Papago GoSafe S810 dash cam review: It nails video, but lacks battery and integrated GPS

The Papago GoSafe S810 camera duo has more “safety” features than you can shake a stick at, including one I’d never even considered—stop sign recognition. Yup. It recognizes stop signs and pops the digital equivalent up on its display. Kind of fun, but as I’m wont to say: If you need this stuff, call a cab or wait for self-driving vehicles.

Admonishment aside, the $170 S810 is more than just fancy features. It takes very, very good day and night video, and the rear camera, unlike some we’ve seen recently, actually captures enough detail to be useful.

Alas, there’s no battery, and the supercapacitor runs the camera only long enough to save a file, not to take a few more seconds of video. If your 12-volt is disrupted in the initial impact of an accident, this means you won’t capture the entire incident.

This review is part of our ongoing roundup of the best dash cams. Go there for our top picks and how-to-buy advice.

Design and features

Like a number of other cameras out there, the S810 looks like a slightly small “happy-snap” consumer digital camera, from the era before cell phones usurped that role. A nicely streamlined one, but that’s the shape, as you can see below.

The unit features a nice, bright 2.4-inch display. The usual four buttons to control it (return, up, down, okay) are atypically placed on the bottom of the unit. The function of the buttons at any given time is hinted at by icons on the display immediately above them. On the whole, the camera is easy to use, though there are a lot of options that might take some time to absorb.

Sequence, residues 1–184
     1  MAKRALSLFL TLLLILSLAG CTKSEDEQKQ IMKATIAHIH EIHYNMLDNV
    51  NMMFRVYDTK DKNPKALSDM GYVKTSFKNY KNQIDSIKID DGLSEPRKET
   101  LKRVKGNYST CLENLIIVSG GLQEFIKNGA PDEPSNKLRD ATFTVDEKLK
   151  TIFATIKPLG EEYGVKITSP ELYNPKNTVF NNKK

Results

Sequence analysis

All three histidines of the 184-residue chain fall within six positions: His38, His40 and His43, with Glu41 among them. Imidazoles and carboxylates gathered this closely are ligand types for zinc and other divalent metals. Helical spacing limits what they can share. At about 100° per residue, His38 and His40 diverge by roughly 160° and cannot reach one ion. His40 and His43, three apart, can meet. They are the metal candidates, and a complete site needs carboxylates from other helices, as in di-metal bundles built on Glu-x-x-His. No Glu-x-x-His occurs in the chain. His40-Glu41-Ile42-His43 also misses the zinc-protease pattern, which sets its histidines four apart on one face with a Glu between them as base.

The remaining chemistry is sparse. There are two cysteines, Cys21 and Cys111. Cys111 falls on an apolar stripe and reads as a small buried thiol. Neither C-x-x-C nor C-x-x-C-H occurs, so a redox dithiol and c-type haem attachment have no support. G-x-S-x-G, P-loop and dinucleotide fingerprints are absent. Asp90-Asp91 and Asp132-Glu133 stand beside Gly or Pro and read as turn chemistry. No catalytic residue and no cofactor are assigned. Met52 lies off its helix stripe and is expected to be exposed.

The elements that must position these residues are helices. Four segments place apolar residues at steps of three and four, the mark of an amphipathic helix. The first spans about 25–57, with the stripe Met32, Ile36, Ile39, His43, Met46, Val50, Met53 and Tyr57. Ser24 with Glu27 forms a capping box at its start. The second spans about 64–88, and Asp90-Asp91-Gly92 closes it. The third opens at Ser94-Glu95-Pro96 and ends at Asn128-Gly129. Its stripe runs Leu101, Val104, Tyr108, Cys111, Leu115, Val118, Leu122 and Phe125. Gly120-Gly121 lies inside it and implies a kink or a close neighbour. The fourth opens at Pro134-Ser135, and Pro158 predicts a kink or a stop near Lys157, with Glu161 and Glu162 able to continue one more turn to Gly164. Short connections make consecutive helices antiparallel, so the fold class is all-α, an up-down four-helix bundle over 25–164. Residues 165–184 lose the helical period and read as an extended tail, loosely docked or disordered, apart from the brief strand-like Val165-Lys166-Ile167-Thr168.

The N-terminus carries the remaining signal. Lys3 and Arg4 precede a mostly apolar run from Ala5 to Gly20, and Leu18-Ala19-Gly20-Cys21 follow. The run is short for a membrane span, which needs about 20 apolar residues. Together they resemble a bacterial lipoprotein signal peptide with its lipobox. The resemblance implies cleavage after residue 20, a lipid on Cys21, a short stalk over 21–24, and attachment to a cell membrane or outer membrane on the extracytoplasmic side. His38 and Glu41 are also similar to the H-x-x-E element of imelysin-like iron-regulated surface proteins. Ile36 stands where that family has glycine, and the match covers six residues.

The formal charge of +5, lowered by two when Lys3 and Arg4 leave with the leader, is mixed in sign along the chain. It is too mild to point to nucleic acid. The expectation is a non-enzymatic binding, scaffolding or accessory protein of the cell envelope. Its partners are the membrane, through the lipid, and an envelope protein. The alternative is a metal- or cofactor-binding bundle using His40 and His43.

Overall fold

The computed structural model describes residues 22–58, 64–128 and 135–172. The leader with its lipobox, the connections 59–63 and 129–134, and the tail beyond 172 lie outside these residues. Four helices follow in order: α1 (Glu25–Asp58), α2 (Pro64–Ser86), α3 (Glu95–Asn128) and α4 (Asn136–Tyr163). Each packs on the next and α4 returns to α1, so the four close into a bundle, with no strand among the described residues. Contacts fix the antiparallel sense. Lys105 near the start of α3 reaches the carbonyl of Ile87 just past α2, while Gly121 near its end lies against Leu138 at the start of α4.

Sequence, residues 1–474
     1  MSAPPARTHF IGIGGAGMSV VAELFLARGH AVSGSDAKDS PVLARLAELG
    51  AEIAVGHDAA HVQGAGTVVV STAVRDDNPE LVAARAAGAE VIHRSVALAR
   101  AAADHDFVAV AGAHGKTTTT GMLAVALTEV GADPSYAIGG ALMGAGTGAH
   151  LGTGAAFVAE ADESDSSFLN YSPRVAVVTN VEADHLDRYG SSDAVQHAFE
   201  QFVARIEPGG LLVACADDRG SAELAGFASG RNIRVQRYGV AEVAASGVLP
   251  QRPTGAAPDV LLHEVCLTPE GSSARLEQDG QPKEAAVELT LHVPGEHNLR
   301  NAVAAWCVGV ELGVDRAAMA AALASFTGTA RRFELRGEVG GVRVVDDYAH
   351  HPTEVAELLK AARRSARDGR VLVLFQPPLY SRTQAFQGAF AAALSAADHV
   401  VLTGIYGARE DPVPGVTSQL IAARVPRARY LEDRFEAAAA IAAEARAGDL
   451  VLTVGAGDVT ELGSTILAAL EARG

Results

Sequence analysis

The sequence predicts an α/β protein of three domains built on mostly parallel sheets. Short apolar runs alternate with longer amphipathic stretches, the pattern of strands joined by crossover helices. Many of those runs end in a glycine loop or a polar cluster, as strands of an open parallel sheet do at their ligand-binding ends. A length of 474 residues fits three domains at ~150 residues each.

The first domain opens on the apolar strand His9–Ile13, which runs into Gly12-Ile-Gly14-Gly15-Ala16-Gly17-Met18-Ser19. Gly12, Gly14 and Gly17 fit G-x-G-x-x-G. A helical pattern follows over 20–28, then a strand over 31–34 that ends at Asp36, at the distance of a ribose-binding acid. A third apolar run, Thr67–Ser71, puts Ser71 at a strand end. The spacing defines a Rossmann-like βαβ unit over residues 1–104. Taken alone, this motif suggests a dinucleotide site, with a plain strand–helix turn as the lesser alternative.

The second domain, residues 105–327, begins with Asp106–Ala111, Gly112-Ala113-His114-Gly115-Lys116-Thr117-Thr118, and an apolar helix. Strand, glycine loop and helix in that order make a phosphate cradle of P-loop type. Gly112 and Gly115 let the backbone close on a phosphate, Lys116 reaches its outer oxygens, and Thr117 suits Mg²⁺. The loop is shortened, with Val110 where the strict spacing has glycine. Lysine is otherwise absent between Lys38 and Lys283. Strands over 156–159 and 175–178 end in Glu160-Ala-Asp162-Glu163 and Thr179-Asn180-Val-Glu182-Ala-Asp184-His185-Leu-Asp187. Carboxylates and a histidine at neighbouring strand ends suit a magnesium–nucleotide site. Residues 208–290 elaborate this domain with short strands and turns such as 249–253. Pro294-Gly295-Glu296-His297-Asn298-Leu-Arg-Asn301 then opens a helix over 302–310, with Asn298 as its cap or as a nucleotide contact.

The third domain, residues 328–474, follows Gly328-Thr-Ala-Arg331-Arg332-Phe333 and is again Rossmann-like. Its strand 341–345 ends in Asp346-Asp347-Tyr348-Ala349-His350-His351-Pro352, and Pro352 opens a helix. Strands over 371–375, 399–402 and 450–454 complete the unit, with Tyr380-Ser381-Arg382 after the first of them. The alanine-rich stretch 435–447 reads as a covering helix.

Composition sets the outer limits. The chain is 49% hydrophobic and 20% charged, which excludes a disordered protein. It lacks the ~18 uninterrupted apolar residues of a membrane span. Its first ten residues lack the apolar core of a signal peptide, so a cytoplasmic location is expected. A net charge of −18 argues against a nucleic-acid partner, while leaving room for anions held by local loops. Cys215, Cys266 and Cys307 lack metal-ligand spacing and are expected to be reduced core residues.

On the right side of the camera is the SD card slot, while on the left are the mini-USB power port and a mini-DisplayPort for direct video output to various display devices. On top is the port for the optional external GPS unit (available on AmazonRemove non-product link). While I prefer the GPS integrated to cut down on cable clutter (there are three cables sprouting from the unit when GPS is in play), at least this one fires up immediately. With some dash cams I’ve seen recently, you have to wait a few minutes for GPS data to appear. 

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6215351cv15d Papago

Notice that there are no wires in this photo. When the GoSafe 810 is fully rigged with rear camera and optional GPS, there are three wires blossoming from the unit. 

The S810’s front camera has a 140-degree field of view and takes images at resolutions up to 1080p. The rear, 720p camera has a 120-degree field of view. Unlike the exceedingly low-res 480p rear camera on the Apeman c550, the S810’s rear camera is actually crisp enough to capture a license plate number. 

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